Thousands of Australians and New Zealanders have gathered at Gallipoli to mark the 100th anniversary of one of World War One’s bloodiest battles.

People gathered to mark one of the bloodiest battles of World War One. Photo: Getty Images.

People gathered to mark one of the bloodiest battles of World War One. Photo: Getty Images.

The Day hails the sacrifice of the thousands of soldiers from Australia and New Zealand killed in the Battle of Gallipoli, 100 years after they launched the first attacks on the western Turkish peninsula. At least 45,000 allied soldiers lost their lives during the ill-fated nine-month campaign to take the peninsula and knock Ottoman Turkey out of the war. A further 86,000 Turkish troops died, and an additional 300,000 troops from both sides are thought to have been wounded.

Thousands of miles away in Australia and New Zealand, dawn services and other events were also held on Saturday morning to mark the centenary of the landings amid tight security.

“They loved and were loved in return, were prepared to fight for their beliefs, were, like us, prey to fears and human despair,” said Australian Chief of Army David Morrison in an address at the Canberra Australian war memorial.

“It makes their sacrifice and their capacity to endure real despite the passage of time.”

Australian prime minister Tony Abbott and his New Zealand counterpart John Key are among the host of dignitaries attending a two-day programme of commemorative events in Istanbul and on the Gallipoli peninsula. Prince Charles, Prince Harry, Irish president Michael Higgins and Turkish president Tayyip Erdogan are also among those leading the ceremonies.

Addressing an international ceremony at Abide, on the Gallipoli peninsula, Prince Charles spoke of a “shared duty” to overcome tolerance and fight prejudice “so we can say we have honoured the sacrifice of all those who have fought and died here on the battlefield at Gallipoli and elsewhere.”

Tony Abbott described Australian troops at Gallipoli as founding heroes of modern Australia

Abbott addressed the traditional dawn service on the Gallipoli peninsula at what is now called Anzac Cove where the Australian and New Zealand Army Corps (ANZAC) came ashore in amphibious assaults on the morning of April 25, 1915.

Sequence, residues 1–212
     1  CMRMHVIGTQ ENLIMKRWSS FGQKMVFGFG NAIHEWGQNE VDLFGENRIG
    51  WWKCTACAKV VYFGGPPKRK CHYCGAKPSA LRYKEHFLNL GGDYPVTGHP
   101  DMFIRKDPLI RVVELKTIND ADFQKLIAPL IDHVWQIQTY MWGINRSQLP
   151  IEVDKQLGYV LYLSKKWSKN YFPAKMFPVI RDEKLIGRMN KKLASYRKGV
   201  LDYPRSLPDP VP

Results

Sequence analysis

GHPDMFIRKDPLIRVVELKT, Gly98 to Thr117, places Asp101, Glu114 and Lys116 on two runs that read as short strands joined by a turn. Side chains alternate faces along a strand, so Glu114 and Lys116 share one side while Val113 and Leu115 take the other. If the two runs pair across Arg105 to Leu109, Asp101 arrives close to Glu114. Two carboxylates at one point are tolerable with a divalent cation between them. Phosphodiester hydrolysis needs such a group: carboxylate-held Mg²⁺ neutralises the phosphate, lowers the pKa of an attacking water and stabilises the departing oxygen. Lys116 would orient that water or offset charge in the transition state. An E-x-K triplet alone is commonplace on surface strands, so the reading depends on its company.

“Like every generation since, we are here on Gallipoli because we believe that the Anzacs represented Australians at our best,” said Abbott.

Prime minister Abbott, speaking ahead of the centenary, described Gallipoli as “the crucible in which our national identity was forged.” He added: “But it left horrific scars. It was, in a critical sense, our nation’s baptism of fire – and 8000 Australians didn’t come back.”

Anzac Day – Important national occasion for Australia and New Zealand

Gallipoli holds a special place in Australian hearts. Many believe it was here Australians proved themselves the equal of any in the world, heralding the young nation’s emergence onto the world stage.

The 100th anniversary adds a special poignancy to this year’s Anzac Day commemorations on April 25. Australia and New Zealand’s annual day of remembrance pays tribute to those from both countries who have served and died in wars, conflicts and peacekeeping duties, plus the contribution and suffering of all those who have served.

Anzac Day was originally held specifically to honour the contribution of members of the Australian and New Zealand Army Corps who fought for the Allies against the Ottoman Turks during the Gallipoli campaign. The peninsula has become a site of pilgrimage for visitors who travel halfway around the world to visit the graves of their nations’ fallen on Anzac Day.

The Gallipoli campaign – badly planned and poorly executed – was intended to open up the Dardanelles straits to allied shipping and lead to the capture of Constantinople – present-day Istanbul. But the 50-mile-long Gallipoli peninsula was heavily fortified, and the invading troops came under deadly fire from the moment they hit the beach at dawn on April 25, 1915.

The allies’ death toll over the next nine months is estimated at 25,000 British and Irish soldiers – including some Canadian troops who fought with the British army – 10,000 Anzac troops, and 10,000 French troops. Few ever made it much further than a few hundred meters from the shore. The war council in London finally accepted the inevitable when it withdrew the Anzac troops in December 1915, with the remaining British soldiers leaving in January 1916.

What was Gallipoli?

  • After a failed naval attack, the Allies tried to capture Constantinople (now Istanbul) via the Gallipoli peninsula by land assault
  • The amphibious assault started at dawn on 25 April, 1915
  • British, French and their dominions’ troops – including soldiers from Australia, New Zealand, India and Newfoundland – took part
  • They faced months of shelling, sniper fire and sickness, before abandoning the campaign
  • 45,000 Allied troops died for no material gain, although the Turkish Army was tied down for eight months
  • 86,000 Turkish troops died. Commander Mustafa Kemal survived and went on to found modern Turkey